Except of the two mentioned above companies the largest Chinese investments were located in textile industry (Everrest Production/HNC LLC with EUR15m and Bestresources International with EUR3.9m, retail (Diplon/Belmax Center with EUR32m); electronics industry (Tesla Solar EUR400,000) and metal industry (He Steel Smederevo with EUR46m). China has a wide range of interests in investing in Serbia and it seems that the dynamics is increasing. Recently, Chinese companies expressed their interest in food industry.
However, agriculture is a sideline of the Chinese investments in Serbia. For several years estates are a subject of FDI. A company from the United Arab Emirates made a lucrative deal with the Government of Serbia and the local authorities by renting some 3,600 hectares of agriculture land in Vojvodina, Northern part of the Republic.
From promised EUR200m of investments in irrigation, infrastructure, and 8 separate agricultural enterprises, Arab partner did not contributed much, complained Olena Papuga, MP representing Vojvodina in Serbian Parliament. Half of the land has not been plowed and employment among local population has not improved as expected.
Russian Federation is among the most important and surely the most highlighted investors in Serbia. Russian investments, however, are far from their actual power. Most infamous deal was the sale of the NIS (Oil Industry of Serbia) well below the market value of the company.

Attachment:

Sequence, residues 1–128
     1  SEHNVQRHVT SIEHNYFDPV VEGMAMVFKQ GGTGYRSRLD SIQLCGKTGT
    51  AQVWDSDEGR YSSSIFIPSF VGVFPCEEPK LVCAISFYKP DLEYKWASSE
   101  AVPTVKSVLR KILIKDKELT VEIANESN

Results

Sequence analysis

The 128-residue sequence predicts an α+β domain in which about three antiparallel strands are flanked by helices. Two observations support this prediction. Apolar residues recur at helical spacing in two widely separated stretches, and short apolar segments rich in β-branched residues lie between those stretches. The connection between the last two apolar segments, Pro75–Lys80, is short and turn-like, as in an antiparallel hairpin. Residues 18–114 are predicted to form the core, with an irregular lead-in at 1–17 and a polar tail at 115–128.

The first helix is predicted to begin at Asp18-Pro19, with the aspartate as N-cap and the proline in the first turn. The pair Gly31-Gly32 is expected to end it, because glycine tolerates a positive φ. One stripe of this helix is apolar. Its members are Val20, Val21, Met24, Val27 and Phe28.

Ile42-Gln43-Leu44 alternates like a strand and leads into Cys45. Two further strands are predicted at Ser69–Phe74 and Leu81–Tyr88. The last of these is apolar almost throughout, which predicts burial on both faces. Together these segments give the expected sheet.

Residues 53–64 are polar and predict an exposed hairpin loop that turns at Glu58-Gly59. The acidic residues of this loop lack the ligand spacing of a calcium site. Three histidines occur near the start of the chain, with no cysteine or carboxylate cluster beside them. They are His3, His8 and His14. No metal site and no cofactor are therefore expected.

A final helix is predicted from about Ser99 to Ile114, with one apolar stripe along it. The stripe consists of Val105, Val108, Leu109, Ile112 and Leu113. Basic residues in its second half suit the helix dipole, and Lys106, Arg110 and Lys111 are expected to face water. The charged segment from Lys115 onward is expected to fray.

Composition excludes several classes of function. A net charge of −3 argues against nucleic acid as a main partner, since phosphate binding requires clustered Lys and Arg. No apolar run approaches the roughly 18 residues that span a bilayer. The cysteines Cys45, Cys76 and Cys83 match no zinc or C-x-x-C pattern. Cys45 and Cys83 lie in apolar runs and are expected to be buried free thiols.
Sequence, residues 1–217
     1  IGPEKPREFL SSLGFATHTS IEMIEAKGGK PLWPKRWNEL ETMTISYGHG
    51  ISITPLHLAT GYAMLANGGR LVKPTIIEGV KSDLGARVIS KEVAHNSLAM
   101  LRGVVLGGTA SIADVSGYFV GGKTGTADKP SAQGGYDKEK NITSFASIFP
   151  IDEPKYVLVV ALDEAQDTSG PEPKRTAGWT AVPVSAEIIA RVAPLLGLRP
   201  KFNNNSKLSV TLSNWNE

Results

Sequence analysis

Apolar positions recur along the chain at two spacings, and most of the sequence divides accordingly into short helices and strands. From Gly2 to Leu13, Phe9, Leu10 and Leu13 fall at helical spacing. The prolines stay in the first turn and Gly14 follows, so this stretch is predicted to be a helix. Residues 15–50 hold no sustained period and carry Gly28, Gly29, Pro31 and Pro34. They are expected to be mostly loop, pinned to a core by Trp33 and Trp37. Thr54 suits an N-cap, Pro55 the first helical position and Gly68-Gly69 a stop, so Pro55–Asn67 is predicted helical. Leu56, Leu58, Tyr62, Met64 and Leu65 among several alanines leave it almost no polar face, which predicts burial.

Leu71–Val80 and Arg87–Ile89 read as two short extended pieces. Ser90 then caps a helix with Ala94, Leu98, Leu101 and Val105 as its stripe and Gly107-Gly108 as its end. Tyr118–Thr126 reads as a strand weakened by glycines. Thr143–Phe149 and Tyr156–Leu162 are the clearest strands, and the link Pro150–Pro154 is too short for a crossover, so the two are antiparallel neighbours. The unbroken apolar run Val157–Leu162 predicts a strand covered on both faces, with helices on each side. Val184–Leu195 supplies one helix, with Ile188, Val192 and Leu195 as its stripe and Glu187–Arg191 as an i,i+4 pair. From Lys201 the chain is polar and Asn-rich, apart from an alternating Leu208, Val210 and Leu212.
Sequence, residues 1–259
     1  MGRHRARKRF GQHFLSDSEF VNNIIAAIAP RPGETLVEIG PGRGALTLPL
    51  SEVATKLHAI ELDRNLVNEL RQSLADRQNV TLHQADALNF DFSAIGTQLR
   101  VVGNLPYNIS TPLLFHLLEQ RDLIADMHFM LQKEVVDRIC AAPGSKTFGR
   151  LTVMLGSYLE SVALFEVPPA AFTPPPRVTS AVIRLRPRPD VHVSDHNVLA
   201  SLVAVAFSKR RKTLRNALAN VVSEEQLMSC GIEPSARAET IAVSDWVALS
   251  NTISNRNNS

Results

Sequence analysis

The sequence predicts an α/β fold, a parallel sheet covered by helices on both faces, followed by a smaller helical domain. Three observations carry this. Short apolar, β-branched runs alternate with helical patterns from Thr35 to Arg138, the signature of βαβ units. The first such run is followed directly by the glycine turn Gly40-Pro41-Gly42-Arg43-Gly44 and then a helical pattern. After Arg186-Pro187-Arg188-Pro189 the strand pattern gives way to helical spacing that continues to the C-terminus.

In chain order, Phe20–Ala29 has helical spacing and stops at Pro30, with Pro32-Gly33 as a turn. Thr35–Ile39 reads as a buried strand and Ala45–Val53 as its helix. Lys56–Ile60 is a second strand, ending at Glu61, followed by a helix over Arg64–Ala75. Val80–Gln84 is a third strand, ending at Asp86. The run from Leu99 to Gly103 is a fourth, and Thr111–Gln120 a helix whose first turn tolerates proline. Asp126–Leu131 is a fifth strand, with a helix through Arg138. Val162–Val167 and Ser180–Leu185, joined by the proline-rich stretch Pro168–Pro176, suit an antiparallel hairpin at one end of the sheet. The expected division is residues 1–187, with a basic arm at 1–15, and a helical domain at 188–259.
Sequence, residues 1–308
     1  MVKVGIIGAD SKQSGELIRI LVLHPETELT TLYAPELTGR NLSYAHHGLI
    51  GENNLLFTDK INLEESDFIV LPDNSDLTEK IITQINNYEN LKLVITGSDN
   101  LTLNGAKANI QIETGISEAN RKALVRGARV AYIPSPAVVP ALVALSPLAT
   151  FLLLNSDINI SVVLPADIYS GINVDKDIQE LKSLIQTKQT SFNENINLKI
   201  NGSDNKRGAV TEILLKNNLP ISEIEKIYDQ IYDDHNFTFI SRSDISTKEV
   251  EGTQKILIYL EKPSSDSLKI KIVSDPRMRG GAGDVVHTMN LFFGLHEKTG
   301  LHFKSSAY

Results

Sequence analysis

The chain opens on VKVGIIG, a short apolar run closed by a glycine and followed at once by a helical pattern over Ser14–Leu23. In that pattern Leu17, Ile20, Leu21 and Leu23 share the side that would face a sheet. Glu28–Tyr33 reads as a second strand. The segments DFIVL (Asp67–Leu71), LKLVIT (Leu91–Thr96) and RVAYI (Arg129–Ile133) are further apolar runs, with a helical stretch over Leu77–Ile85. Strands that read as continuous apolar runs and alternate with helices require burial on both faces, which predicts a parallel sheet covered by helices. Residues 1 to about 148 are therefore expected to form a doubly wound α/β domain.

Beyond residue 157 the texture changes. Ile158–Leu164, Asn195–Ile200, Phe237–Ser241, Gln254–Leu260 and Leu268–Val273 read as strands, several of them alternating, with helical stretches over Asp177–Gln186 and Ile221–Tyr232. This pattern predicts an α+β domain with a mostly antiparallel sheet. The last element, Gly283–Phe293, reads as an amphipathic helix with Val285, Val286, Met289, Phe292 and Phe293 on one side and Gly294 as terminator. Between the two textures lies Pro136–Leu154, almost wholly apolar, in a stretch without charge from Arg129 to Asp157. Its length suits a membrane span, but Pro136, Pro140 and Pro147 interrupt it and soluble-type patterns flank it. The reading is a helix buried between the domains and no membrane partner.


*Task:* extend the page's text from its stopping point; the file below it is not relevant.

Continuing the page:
It is a public secret that it was price Serbian government (economy and society) had to pay for non-recognition of an independent Kosovo by Moscow. It did not stop the fact that Kosovo efficiently declared its independence and received recognition from a number of important players, such as Germany, France, United States or Italy.
Gazprom, except of buying the NIS petrol station network, became an owner of the two refineries and a separate gas depot. Gaspromnjeft, similarly to Lukoil, which bought another network of petrol stations – Beopetrol, did not keep the promise of investments and development of the relevant Serbian companies.
In June 2016, Russian President Vladimir Putin declared investment of additional EUR10bn – 8 in infrastructure and 2 in energy sector. How much of these intentions will materialized remains the large question mark.
Still, the largest of the investors are the EU states. FDI from the EU exceeded EUR15bn over the past eleven years, with its peak in 2007, when they constituted over 92 per cent of all investments in Serbia, while during the period of 2013-2015 the relevant number was over 70 per cent. Non-European investments, however, are not conditioned upon the level of democracy, and sometimes irrelevant of the political stability. So they are much easier accessible than capital from Berlin, Amsterdam, Vienna or Paris, where liberal traditions still play an important role. On the other hand, especially in case of Russian economic involvement, inflow of capital is treated as an important factor increasing Russian soft-power and political influence. Chinese companies are not very much interested in the domestic social and economic development, treating Serbia as a basis for further expansion in the region and the continent. Serbian authorities are not content with UAE investment either. So far Belgrade’s invitation did not bring expected fruits.